The Panel also finds that the disputed domain name is either identical or confusingly similar to Complainants’ CANDY CRUSH mark. The disputed domain name <candycrushsecrets.com> incorporates Complainants’ entire registered trademark with the addition of only the descriptive term “secrets”. The mere addition of a generic or descriptive term does not avoid confusing similarity. Dr. Ing. h.c. F. Porsche AG v. Vasiliy Terkin WIPO Case No. D2003-0888. (The fact that the word “autoparts” is added to the complainant’s trademark does not eliminate the identity, or at least the similarity, between the complainant’s trademark and the domain name at issue, as “autoparts” is a descriptive component of the domain name at issue.) See also, Bayer Aktiengesellschaft v. Dangos & Partners, WIPO Case No. D2002-1115 (addition of generic words “healthcare” to form <bayerhealthcare.org> domain name deemed “confusingly similar to the BAYER trademark”); Aventis Pharma SA., Aventis Pharma Deutschland GmbH v. Jonathan Valicenti, WIPO Case No. D2005-0037 (addition of “ordinary descriptive” term “buy” to mark LANTUS in domain name <buylantus.com> “does nothing to dispel and serves only to reinforce the connection in the public mind between the word LANTUS and the Complainants, and therefore increases the risk of confusion”); PepsiCo, Inc. v. PEPSI, SRL (a/k/a P.E.P.S.I.) and EMS COMPUTER INDUSTRY (a/k/a EMS), WIPO Case No. D2003-0696 (finding domain names such as <pepsibasketball.com>, <pepsigames.com>, <pepsihockey.com>, and <pepsisoccer.com> confusingly similar to complainant’s PEPSI mark stating that “[t]hat the mere addition of common terms such as ‘sports,’, ‘basketball’ or ‘soccer’ to the PEPSI mark is of no import”). The addition of the “.com” generic Top-Level Domain (gTLD) to Complainants’ trademark likewise does nothing to avoid confusion. Busy Body, Inc. v. Fitness Outlet Inc., WIPO Case No. D2000-0127 (“the addition of the generic top-level domain (gTLD) name ‘.com’ is […] without legal significance since use of a gTLD is required of domain name registrants”).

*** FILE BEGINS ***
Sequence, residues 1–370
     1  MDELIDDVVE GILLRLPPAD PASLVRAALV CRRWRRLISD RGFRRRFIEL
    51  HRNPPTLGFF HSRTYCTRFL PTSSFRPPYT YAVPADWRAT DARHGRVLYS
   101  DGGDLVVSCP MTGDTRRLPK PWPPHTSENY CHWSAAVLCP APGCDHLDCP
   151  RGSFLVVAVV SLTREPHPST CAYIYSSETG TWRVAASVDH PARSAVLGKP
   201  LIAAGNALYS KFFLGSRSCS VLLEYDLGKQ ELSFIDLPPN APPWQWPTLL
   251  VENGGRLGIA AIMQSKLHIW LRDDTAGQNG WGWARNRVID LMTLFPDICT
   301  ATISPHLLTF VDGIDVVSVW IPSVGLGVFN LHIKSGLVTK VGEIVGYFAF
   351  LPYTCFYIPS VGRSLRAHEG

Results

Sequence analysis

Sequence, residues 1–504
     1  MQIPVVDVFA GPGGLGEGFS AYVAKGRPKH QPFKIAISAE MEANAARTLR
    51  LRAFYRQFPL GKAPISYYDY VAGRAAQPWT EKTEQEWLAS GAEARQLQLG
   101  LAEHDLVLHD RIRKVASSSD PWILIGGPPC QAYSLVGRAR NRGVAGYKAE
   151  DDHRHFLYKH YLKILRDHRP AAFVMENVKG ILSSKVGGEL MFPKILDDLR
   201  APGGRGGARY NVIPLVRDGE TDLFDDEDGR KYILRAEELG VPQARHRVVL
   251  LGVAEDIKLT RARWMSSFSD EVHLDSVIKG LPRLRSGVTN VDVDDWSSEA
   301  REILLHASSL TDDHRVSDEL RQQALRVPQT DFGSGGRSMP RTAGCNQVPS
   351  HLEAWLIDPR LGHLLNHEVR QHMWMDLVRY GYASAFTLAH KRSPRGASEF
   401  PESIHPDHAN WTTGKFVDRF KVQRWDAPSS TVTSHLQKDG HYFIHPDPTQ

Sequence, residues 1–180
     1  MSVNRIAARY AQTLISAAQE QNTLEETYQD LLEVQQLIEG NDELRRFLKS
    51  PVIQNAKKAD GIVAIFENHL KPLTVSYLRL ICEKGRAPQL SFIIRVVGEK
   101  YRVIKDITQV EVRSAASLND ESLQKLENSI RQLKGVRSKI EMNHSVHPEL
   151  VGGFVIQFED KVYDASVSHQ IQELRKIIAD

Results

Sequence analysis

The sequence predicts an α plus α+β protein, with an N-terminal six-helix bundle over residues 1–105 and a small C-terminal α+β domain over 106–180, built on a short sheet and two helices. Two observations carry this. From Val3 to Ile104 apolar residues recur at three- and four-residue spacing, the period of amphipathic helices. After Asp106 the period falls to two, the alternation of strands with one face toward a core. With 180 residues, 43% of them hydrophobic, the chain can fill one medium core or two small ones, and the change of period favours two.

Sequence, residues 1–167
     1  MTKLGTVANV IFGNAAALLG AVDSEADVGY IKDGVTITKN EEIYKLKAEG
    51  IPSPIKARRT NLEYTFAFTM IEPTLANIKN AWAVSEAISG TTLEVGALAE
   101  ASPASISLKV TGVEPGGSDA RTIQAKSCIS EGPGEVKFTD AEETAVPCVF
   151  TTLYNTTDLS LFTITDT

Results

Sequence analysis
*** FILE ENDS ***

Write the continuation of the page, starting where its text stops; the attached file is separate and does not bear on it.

B. Rights or Legitimate Interests
Paragraph 4(c) of the Policy provides that Respondent may establish rights or legitimate interests in the disputed domain name by proving any of the following non-exclusive circumstances:
(i) before any notice to Respondent of the dispute, Respondent’s use of, or demonstrable preparations to use, the disputed domain name or a name corresponding to the disputed domain name in connection with a bona fide offering of goods or services; or
(ii) Respondent (as an individual, business, or other organization) has been commonly known by the disputed domain name, even if Respondent has acquired no trademark or service mark rights; or
(iii) Respondent is making a legitimate noncommercial or fair use of the disputed domain names, without intent for commercial gain to misleadingly divert consumers or to tarnish the trademark or service mark at issue.
With respect to paragraph 4(c)(i) of the Policy, there is no evidence that Respondent, before any notice of the dispute, used or made demonstrable preparation to use the disputed domain name or a name corresponding to the disputed domain name in connection with a bona fide offering of goods or services.
With respect to paragraph 4(c)(ii) of the Policy, there is no evidence that indicates that Respondent has ever been commonly known by the disputed domain name.
With respect to 4(c)(iii) of the Policy, Respondent has not made and is not making a legitimate noncommercial or fair use of the disputed domain name.